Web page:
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Publication# Looping probabilities of elastic chains: A path integral approach

Abstract

We consider an elastic chain at thermodynamic equilibrium with a heat bath, and derive an approximation to the probability density function, or pdf, governing the relative location and orientation of the two ends of the chain. Our motivation is to exploit continuum mechanics models for the computation of DNA looping probabilities, but here we focus on explaining the novel analytical aspects in the derivation of our approximation formula. Accordingly, and for simplicity, the current presentation is limited to the illustrative case of planar configurations. A path integral formalism is adopted, and, in the standard way, the first approximation to the looping pdf is obtained from a minimal energy configuration satisfying prescribed end conditions. Then we compute an additional factor in the pdf which encompasses the contributions of quadratic fluctuations about the minimum energy configuration along with a simultaneous evaluation of the partition function. The original aspects of our analysis are twofold. First, the quadratic Lagrangian describing the fluctuations has cross-terms that are linear in first derivatives. This, seemingly small, deviation from the structure of standard path integral examples complicates the necessary analysis significantly. Nevertheless, after a nonlinear change of variable of Riccati type, we show that the correction factor to the pdf can still be evaluated in terms of the solution to an initial value problem for the linear system of Jacobi ordinary differential equations associated with the second variation. The second novel aspect of our analysis is that we show that the Hamiltonian form of these linear Jacobi equations still provides the appropriate correction term in the inextensible, unshearable limit that is commonly adopted in polymer physics models of, e. g. DNA. Prior analyses of the inextensible case have had to introduce nonlinear and nonlocal integral constraints to express conditions on the relative displacement of the end points. Our approximation formula for the looping pdf is of quite general applicability as, in contrast to most prior approaches, no assumption is made of either uniformity of the elastic chain, nor of a straight intrinsic shape. If the chain is uniform the Jacobi system evaluated at certain minimum energy configurations has constant coefficients. In such cases our approximate pdf can be evaluated in an entirely explicit, closed form. We illustrate our analysis with a planar example of this type and compute an approximate probability of cyclization, i.e., of forming a closed loop, from a uniform elastic chain whose intrinsic shape is an open circular arc.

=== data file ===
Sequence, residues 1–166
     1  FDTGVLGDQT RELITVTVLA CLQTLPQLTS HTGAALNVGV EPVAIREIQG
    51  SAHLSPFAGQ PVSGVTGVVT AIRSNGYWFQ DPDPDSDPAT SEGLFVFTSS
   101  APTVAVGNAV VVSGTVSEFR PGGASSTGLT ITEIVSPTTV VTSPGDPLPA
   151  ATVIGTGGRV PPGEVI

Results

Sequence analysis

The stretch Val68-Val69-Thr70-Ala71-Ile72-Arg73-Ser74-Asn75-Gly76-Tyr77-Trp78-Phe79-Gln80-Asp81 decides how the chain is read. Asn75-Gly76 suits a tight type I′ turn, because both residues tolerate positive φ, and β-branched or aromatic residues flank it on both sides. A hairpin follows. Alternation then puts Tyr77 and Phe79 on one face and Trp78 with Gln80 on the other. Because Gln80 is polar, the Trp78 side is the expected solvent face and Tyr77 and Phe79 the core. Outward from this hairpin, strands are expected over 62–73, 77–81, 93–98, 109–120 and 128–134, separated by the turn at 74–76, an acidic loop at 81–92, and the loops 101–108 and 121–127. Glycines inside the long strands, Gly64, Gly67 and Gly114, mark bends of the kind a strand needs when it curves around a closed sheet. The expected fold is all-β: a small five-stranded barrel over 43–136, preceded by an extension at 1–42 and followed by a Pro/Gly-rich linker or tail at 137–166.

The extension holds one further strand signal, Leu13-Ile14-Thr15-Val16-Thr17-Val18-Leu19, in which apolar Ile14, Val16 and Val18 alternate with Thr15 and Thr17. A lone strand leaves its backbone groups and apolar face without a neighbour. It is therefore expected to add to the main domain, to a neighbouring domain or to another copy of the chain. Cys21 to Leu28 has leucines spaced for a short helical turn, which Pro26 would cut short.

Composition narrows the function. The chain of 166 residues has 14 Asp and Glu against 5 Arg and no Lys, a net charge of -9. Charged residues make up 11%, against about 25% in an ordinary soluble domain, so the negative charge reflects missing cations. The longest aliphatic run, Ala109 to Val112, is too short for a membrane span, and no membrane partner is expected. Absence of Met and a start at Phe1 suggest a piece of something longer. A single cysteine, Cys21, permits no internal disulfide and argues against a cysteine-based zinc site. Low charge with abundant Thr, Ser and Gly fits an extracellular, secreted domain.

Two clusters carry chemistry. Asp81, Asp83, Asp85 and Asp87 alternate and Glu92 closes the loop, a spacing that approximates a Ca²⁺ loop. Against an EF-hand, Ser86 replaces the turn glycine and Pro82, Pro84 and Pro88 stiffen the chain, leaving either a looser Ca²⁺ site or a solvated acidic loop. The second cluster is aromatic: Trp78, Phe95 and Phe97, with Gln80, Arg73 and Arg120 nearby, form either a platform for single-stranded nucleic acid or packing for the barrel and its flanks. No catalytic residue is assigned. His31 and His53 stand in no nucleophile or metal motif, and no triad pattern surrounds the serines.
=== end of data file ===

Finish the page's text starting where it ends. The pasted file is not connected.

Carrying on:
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Deoxyribonucleic acid (diːˈɒksᵻˌraɪboʊnjuːˌkliːᵻk,_-ˌkleɪ-; DNA) is a polymer composed of two polynucleotide chains that coil around each other to form a double helix. The polymer carries genetic in

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Dario Floreano, Daniel Marbach, Thomas Schaffter

Numerous methods have been developed for inference of gene regulatory networks from expression data, however, their strengths and weaknesses remain poorly understood. Accurate and systematic evaluation of these methods is hampered by the difficulty of constructing adequate benchmarks and the lack of tools for a differentiated analysis of network predictions on such benchmarks. Here, we present the new version (3.0) of GeneNetWeaver (GNW), an open-source tool for in silico benchmark generation and performance profiling of net-work inference methods. GNW can be launched directly from any web browser and it has an intuitive graphical user interface. Using GNW it is possible to generate biologically plausible in silico gene networks and simulated expression data, which can be used as benchmarks for network inference methods. Realistic network structures are generated by extracting modules from known biological interaction networks. These networks are then endowed with dynamics using a kinetic model of transcription and translation, where transcriptional regulation is modeled using a thermodynamic approach allowing for both independent and synergistic interactions. Finally, these models are used to produce synthetic gene expression data by simulating different biological experiments. Simulations can be done either deterministically or stochastically to model internal noise in the dynamics of the networks, and experimental noise can be added using a model of noise observed in microarrays. Another important feature of GNW is systematic evaluation of the predictions from different inference methods on in silico networks in the benchmark. For a set of network predictions from one or several inference methods, GNW automatically generates a comprehensive report in PDF format. These reports include standard metrics used to assess the accuracy of network inference methods such as precision-recall and receiver operating characteristic (ROC) curves. Furthermore, the reports include network motif analysis, where the performance of inference methods is profiled on local connectivity patterns. The network motif analysis often reveals systematic prediction errors, thereby indicating potential ways of network reconstruction improvements. We are using GNW to provide an annual network inference challenge for the DREAM project. In the past three editions, a total of 91 teams submitted about 900 network predictions to evaluate the performance of their methods on GNW-generated benchmarks.